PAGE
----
For the first hour or so after our arrival in the village, I usually sit on the mud-and-cowdung floor of the local
Sleepy little Sarvar village
We often stay in this village, as the local volunteer has a very comfortable house.
volunteer's home with the others, while work is discussed, volunteers and labourers paid, and decisions made. The discussion is usually in Hindi, occasionally in the state language (Marathi), and every now and then in the Korku tribal language - never in English of course. Once I've just about lost the feeling in my legs from sitting cross-legged on the hard floor so long, I get up and stagger out for a wander around the village. It's never long before I've attracted a small crowd of fascinated kids, who are initially a little apprehensive and follow at a safe distance. So I stroll along the village road alone, trailed by a throng of laughing children - the Pied Piper of the Korku! Before long they decide I'm not so dangerous after all and sometimes I can entice them into a game of cricket or volleyball, (even more popular than cricket amongst the Korku). Of course, when I pull out the digital camera the last traces of their shyness quickly disappear, as they compete to pull the most impressive pose and then swarm all over me to try and get a look at the shot on the camera's LCD screen.
Volunteer's house in Sarvar
This is the one with holes in the roof.
normally comes along with us on these overnight trips, to cook and to keep us supplied with energising cups of chai
, the sweet, milky, spice-laden tea that she makes with fresh ginger. There are a few Indian dishes I'm trying to learn before I leave, but the first priority has to be to uncover the secret behind the distinctive taste of Baby's chai
Often we eat chicken when in the village, as the guys swear that 'country chicken' is far superior in taste to the 'broiler chickens' we get in town, (although chicken has become much less popular, regardless of where it calls home, since the outbreak of bird flu elsewhere in the state). On my first overnight stay, I watched a villager spend a full minute trying to slit the chicken's throat, sawing ineffectually with his 'knife'. These are typically just pieces of blunt iron, sharpened against a rock but without any real edge. Since then I've always offered my Swiss Army knife, which provides a much quicker end for the chickens destined for our pot, (not sure how much of a consolation it is to them, but at least it makes me feel a bit better)! Once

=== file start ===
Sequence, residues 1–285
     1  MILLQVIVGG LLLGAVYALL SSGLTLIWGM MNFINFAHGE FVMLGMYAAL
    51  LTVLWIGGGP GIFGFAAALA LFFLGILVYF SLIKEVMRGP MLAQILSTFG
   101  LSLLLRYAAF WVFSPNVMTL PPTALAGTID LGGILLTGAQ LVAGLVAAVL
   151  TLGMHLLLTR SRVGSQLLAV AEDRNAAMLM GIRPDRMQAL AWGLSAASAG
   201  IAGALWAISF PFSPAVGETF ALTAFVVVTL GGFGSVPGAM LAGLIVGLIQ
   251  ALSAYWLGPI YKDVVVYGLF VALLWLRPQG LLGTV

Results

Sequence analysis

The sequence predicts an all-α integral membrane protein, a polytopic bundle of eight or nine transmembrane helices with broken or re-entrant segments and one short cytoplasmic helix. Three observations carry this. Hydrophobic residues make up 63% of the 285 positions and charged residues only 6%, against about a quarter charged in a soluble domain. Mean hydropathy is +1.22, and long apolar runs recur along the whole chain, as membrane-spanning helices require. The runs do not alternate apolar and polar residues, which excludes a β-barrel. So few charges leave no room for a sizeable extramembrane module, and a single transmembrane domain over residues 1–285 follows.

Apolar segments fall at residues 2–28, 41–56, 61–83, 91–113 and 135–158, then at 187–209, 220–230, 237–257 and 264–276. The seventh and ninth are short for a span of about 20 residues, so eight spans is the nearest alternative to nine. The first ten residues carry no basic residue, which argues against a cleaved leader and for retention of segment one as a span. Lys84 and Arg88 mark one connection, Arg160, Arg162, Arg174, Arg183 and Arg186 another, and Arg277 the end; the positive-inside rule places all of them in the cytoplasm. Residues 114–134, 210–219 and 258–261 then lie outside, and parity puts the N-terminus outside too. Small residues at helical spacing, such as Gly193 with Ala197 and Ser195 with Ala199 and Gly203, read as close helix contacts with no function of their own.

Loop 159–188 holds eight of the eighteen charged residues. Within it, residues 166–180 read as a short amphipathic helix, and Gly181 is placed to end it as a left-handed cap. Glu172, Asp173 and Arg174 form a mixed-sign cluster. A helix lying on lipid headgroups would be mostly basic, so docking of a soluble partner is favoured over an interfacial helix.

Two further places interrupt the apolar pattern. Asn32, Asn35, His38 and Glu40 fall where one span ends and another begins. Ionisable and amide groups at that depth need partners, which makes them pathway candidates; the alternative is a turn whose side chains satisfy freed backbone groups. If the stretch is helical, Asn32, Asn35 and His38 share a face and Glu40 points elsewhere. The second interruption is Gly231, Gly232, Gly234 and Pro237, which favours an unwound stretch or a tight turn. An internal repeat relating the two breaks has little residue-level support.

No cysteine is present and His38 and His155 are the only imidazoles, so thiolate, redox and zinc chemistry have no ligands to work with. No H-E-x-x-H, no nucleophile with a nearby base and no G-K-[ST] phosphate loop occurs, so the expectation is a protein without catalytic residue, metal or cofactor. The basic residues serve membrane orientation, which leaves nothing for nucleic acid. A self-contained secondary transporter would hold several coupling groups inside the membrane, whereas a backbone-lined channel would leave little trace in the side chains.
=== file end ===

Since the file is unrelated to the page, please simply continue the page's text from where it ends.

dead, the chicken is plucked and dressed very quickly, usually just on the ground behind the house or an old piece of bamboo mat. Only the intestines, feet and bile duct are thrown to the pitiful village dogs, (which constantly dart in and out in the hope of snatching a titbit away), everything else goes into the pot. None of the villages have electricity so all of this, as well as the cooking, is done by the fairly inadequate light of the fire and occasionally a kerosene lamp. Despite this, Baby always seems to be able to cook up a feast, as delicious as it is safe, (surprisingly I haven't had any stomach trouble in India, for which I'm very thankful to God!).
It's usually quite late by the time we've finished dinner, (the normal time for dinner in this area is between 8-10pm), and everyone's exhausted from the day's travel and work. Sometimes we simply stretch out on the floor, other times the local volunteers generously give up their cots for us, (wooden frames with a bamboo or rope mat woven across the top). Occasionally, the rooms we sleep in have holes in the roof or walls, so
we're able to sleep around a still-smouldering fire. Gazing into the dying flames, or up at the blazing stars (through the holes in the roof), from the comfort of one's sleeping bag has to be the best possible way to nod off!
Without fail, the surviving chickens exact a sweet revenge on us the next morning, dragging us from our sleep at the crack of dawn, (and there always seems to be one particularly vengeful rooster in each village, who gleefully jumps the gun at around 3am). Once we've had breakfast and attended to 'morning duties' (which involves a stroll into the nearby forest), everyone piles back into the rust-bucket jeep for another full day of bouncing along between villages and projects. I always feel a slight sense of relief, and a renewed appreciation for my comfortable room in the EFICOR office, when we descend out of the Satpura hills and return to Paratwada!